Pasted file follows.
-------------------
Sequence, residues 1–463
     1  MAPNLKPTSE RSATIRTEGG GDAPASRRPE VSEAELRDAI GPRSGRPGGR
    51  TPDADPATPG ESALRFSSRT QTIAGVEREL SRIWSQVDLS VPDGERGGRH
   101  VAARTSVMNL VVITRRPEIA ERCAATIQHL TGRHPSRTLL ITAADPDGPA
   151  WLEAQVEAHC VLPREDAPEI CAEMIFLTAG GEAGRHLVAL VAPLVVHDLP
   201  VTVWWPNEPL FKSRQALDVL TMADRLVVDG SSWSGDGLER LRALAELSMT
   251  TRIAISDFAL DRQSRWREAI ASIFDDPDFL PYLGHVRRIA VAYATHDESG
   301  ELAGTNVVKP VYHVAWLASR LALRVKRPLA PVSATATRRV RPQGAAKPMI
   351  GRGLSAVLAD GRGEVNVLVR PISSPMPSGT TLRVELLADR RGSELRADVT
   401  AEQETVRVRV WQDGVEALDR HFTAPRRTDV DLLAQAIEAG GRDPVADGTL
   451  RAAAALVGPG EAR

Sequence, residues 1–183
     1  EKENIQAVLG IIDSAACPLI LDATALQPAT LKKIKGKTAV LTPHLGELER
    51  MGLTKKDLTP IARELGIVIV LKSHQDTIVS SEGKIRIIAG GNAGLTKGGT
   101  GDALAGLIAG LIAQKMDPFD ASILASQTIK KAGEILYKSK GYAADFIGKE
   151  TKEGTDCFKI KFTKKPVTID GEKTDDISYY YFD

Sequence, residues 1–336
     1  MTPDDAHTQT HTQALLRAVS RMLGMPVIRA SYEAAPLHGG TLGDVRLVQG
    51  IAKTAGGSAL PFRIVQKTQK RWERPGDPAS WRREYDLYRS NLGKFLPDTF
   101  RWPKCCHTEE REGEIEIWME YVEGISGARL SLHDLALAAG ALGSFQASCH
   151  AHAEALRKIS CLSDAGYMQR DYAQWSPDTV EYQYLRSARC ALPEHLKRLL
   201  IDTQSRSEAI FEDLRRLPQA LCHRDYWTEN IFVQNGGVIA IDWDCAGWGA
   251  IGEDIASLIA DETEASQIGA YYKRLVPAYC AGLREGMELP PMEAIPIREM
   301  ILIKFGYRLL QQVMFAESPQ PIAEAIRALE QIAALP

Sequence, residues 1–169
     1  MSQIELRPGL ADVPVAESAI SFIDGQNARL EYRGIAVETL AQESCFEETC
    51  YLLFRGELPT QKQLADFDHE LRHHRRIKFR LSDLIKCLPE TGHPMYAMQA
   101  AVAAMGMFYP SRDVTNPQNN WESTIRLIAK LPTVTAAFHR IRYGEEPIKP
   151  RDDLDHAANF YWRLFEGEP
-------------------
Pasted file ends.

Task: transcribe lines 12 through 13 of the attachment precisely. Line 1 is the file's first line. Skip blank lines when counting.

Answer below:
Sequence, residues 1–183
     1  EKENIQAVLG IIDSAACPLI LDATALQPAT LKKIKGKTAV LTPHLGELER